Steam buns according to the directions on the package. Add a spoonful of mustard greens on the bottom, place a piece of pork belly on top, and top that with sprigs of fresh cilantro and a dusting of crushed peanuts. Serve immediately.
(for 12 snack-size servings)
1 1/4 lb strip pork belly (from Chinese meat market): $3.50
package 12 steaming buns: $2.00
about half a bunch cilantro: $1.00
about 12 teaspoons pickled mustard greens (from jar): $2.00
ginger, 5 cloves garlic, 3-4 scallions: $1.00
cinnamon stick, five-star anise, 1 Tb Szechuan peppercorns: $0.50
sesame oil, vegetable oil: $0.25
1 cup soy sauce: $0.40
1/2 cup sugar: $0.25
Eight brownie points: This snack is definitely over-the-top in terms of fat and cholesterol, but it’s that way in flavor, too. You should be well sated by just one sandwich, it’s so tasty and decadent. That’s why they’re great to serve as part of a spread of party snacks, so you can just bite here and there and not have to sit down for a full meal. There’s not too much to say nutrition-wise about these buns, but the pickled mustard greens are just that, densely-packed nutritious greens, and a little fresh cilantro never hurt to help out that cause, either.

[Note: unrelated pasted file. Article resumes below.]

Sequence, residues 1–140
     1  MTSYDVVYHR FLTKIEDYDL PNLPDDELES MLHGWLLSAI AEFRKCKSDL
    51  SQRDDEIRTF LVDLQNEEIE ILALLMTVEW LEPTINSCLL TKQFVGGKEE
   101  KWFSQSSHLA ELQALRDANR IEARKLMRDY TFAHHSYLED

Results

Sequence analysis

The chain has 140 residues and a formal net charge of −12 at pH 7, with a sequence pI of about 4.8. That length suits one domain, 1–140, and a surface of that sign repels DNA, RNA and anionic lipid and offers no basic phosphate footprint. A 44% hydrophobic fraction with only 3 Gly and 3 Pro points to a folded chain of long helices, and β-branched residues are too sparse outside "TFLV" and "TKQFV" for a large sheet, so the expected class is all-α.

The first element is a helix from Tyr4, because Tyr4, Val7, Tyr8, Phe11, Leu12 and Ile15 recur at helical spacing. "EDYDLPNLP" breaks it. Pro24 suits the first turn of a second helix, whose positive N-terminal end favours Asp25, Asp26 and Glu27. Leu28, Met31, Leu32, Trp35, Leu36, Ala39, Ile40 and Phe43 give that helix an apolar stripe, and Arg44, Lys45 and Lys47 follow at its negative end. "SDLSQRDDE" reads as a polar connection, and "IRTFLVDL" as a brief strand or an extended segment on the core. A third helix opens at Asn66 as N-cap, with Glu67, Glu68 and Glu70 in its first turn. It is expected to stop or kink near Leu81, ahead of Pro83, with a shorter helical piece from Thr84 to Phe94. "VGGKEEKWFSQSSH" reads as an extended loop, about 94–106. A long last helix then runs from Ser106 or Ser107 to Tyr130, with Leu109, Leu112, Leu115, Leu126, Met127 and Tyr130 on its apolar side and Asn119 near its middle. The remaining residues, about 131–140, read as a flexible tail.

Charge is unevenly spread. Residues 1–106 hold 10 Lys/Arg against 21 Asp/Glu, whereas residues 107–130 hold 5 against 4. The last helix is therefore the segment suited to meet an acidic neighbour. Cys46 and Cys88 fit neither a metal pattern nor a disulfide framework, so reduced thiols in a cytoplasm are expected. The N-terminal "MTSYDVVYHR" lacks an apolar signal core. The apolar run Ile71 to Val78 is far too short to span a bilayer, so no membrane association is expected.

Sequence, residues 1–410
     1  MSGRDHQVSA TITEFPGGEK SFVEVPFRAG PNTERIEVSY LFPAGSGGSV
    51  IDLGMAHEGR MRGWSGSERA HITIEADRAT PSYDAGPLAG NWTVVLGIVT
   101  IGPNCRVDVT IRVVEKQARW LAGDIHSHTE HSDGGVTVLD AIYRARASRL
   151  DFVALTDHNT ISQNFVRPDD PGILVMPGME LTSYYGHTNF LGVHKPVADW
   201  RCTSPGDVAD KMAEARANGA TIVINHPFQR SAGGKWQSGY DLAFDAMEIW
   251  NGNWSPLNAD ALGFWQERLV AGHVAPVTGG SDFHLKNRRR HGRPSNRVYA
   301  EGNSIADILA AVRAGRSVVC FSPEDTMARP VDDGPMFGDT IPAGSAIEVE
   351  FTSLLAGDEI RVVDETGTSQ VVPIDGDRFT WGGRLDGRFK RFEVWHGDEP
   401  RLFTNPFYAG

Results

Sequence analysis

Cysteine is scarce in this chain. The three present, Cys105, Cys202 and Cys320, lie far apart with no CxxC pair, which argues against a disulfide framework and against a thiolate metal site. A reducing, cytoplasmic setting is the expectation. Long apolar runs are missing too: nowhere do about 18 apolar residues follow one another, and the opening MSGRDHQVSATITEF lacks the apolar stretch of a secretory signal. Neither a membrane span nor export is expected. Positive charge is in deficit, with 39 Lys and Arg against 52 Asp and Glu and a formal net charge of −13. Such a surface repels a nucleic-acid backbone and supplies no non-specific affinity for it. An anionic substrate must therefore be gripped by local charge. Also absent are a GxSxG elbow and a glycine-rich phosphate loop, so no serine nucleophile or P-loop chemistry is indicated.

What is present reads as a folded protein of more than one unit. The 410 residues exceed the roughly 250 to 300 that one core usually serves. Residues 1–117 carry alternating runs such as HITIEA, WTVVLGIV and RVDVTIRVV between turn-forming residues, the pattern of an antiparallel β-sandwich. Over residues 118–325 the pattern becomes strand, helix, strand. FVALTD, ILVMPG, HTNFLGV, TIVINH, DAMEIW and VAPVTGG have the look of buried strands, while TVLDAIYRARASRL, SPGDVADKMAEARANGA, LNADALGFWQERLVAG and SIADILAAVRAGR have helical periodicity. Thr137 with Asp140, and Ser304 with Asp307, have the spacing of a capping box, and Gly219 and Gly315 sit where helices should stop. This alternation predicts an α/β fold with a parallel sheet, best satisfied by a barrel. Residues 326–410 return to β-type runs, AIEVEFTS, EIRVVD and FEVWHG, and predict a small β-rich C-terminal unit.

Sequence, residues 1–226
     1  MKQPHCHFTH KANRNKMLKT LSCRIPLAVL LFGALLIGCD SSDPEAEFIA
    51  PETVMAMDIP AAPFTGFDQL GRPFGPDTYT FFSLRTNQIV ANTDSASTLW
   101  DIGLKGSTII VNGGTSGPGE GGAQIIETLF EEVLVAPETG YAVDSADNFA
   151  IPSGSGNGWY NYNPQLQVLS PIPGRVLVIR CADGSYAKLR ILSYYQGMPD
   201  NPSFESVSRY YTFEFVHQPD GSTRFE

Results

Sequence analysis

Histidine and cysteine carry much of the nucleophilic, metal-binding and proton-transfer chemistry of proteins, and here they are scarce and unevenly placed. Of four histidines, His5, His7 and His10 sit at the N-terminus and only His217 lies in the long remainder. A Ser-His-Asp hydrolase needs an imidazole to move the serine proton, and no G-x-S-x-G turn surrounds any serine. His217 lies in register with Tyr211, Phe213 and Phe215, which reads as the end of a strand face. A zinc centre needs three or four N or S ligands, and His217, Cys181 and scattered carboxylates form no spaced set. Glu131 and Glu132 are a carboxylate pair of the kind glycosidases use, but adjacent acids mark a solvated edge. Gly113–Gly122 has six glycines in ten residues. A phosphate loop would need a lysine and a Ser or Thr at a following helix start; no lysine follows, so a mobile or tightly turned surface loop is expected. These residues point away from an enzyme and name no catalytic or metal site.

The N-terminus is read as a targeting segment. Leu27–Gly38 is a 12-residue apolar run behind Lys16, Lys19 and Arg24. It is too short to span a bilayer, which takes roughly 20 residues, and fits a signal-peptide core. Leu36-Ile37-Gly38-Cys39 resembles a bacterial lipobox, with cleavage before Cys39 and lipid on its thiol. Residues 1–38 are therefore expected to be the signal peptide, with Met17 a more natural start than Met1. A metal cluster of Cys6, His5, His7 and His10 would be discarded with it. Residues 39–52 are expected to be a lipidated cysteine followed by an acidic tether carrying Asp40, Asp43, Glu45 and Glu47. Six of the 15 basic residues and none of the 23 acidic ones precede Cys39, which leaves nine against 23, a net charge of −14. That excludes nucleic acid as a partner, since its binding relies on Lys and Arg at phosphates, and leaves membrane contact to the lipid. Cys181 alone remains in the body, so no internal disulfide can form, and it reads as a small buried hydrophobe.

Two brownie points: Pretty atrocious, but it can be done in a much more sustainable manner. Pork belly is just one of those cuts that hasn’t quite become very readily available to the average consumer. Local farms like Flying Pigs farm, or Tamarack Hollow, will have it at the Greenmarket, but not every time, guaranteed. And if you’re looking at the meat aisles of conventional supermarkets, it’s even more rarely found. Bottom line, plan to make this one ahead of time, so you can source the best meat purveyor of your choice. There’s always pork belly to be found at butcher shops in Chinatown, though, which is where I ended up going for these (and most of the other ingredients here).